Indian sponge iron manufacturers ask government to restrict iron ore pellet exports

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India
Zerophoto/Adobe Stock

India’s sponge iron manufacturers have appealed to the federal government to restrict the exports of iron ore pellets.

Such a move would help cut the price of steel and increase consumption in the domestic market.

Call for a ban on iron ore pellet exports

The Chhattisgarh Sponge Iron Manufacturers’ Association, in a letter to Prime Minister Narendra Modi, called for the levy of a 30% export duty on iron ore pellets.

The association also called for a ban on all exports above 63% Fe to safeguard the domestic steel producers, especially the secondary steel producers having no captive iron ore mine, the Financial Express reported.

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India exported 12.6 million tons (MT) of pellets in 2019-20, up from 9.3 MT the previous year.

West Bengal association: little beneficiation being done

Another representative body, the West Bengal Sponge Iron Manufacturers’ Association, in a second petition to Modi, said of the total saleable iron ore pellets available in the market, over 60% of it was being exported out of the country at zero duty, with hardly any beneficiation being done, the Financial Express report quotes them as saying.

The association members pointed out over 90% iron ore fines of high grade were being used directly for pellet making and exporting the same was actually against India’s stipulated aim of manufacturing 300 MT steel by 2030.

Pellets are used by sponge iron makers as raw material. India is the world’s largest producer of sponge iron, a substitute of scrap, used in the production of billets, blooms and other semi-finished products.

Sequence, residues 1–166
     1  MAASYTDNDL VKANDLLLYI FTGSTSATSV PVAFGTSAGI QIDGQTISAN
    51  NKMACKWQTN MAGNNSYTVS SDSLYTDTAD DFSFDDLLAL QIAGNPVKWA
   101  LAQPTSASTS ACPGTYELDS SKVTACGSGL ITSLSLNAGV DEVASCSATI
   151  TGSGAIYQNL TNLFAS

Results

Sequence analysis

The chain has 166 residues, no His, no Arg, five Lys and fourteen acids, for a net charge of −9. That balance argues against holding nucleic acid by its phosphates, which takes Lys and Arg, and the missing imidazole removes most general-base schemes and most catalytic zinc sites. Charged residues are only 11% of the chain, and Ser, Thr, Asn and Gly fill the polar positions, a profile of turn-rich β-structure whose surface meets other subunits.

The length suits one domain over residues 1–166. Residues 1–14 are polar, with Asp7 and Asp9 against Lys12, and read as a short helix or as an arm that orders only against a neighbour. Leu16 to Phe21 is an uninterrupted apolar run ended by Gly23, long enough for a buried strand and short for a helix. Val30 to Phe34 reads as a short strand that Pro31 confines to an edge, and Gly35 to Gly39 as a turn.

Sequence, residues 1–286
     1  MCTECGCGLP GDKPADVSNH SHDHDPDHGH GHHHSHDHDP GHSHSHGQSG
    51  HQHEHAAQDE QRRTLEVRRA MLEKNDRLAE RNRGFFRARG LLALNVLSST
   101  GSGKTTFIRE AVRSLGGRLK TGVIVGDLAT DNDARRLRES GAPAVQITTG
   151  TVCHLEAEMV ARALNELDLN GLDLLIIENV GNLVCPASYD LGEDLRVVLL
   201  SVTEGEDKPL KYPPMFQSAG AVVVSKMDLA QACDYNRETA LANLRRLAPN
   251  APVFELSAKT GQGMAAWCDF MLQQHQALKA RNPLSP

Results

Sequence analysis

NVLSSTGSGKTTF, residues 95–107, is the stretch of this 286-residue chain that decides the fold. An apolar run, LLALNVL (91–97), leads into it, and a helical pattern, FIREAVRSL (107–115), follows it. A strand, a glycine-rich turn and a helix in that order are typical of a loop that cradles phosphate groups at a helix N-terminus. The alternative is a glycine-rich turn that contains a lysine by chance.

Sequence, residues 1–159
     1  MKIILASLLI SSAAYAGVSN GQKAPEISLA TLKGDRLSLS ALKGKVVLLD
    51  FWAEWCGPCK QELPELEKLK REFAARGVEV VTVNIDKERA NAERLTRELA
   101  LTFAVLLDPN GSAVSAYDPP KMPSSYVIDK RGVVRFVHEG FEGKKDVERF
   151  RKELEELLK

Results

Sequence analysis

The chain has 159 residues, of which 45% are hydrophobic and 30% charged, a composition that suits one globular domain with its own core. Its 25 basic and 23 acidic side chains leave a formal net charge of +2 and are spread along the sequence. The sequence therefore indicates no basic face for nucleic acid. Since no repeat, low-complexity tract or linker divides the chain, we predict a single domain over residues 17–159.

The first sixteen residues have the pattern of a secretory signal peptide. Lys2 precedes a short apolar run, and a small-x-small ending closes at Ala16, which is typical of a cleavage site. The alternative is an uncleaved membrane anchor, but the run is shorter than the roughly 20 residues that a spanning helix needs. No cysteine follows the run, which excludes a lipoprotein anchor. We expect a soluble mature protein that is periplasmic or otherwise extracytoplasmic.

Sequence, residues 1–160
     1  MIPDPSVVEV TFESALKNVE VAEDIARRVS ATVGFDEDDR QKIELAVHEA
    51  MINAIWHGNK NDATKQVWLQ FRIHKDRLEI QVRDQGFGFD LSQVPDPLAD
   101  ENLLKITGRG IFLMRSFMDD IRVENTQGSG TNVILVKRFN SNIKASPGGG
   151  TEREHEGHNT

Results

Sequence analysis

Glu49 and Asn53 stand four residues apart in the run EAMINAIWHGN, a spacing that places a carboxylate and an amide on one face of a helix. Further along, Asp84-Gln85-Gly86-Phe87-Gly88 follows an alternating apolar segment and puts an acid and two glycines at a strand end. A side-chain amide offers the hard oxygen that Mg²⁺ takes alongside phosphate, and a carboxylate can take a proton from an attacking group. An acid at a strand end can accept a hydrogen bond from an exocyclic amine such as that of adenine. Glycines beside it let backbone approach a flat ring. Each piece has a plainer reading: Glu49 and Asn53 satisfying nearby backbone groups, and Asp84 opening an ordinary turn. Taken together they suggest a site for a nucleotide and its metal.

Many of India’s sponge iron makers share the view that if the prices of the raw materials required to make steel were to come down, the cost of production and, eventually, the sale price of steel would become competitive.

Furthermore, by restricting the exports of iron ore pellets, the price of steel would drop.

Mitigating supply disruption for steelmaking raw materials

On the other hand, the Indian steel ministry has spelled out certain measures it had taken over the years to stop the likely disruptions in iron ore supply and cut India’s import dependence on select countries for coking coal (a key steelmaking raw material).

According to its annual report for the financial year 2019-20, the Ministry of Steel said the steel industry was facing short- and long-term challenges relating to raw material security.

As such, the ministry has started working to ensure raw material security for the sector, Construction Week reported.

Measures included India’s largest integrated steel producer, Steel Authority of India Ltd. (SAIL), being permitted to sell 70 MT of low-grade fines lying at its mines.

The company was also allowed to sell 25% of the total fresh quantity mined from its captive mines.

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The Ministry of Steel submitted a proposal to the Ministry of Mines calling for a reduction in the royalty on iron ore fines from the existing 15% to 5%. The proposal aims to incentivize beneficiation and pelletization, as well as reduce the stockpile of low-grade fines dumped at mine heads.

Comment (1)

  1. PC says:

    Installed capacity of pellets is 90 Million tons per year and capacity utilization is only 80%. How the duty will help sponge producers. Even if the sponge producers are facing shortage of pellets which is unlikely given the fact that pellet capacity utilization is about 80%, their legitimate demand should be to enhance the production of pellets to EC limits as was being done for iron ore.

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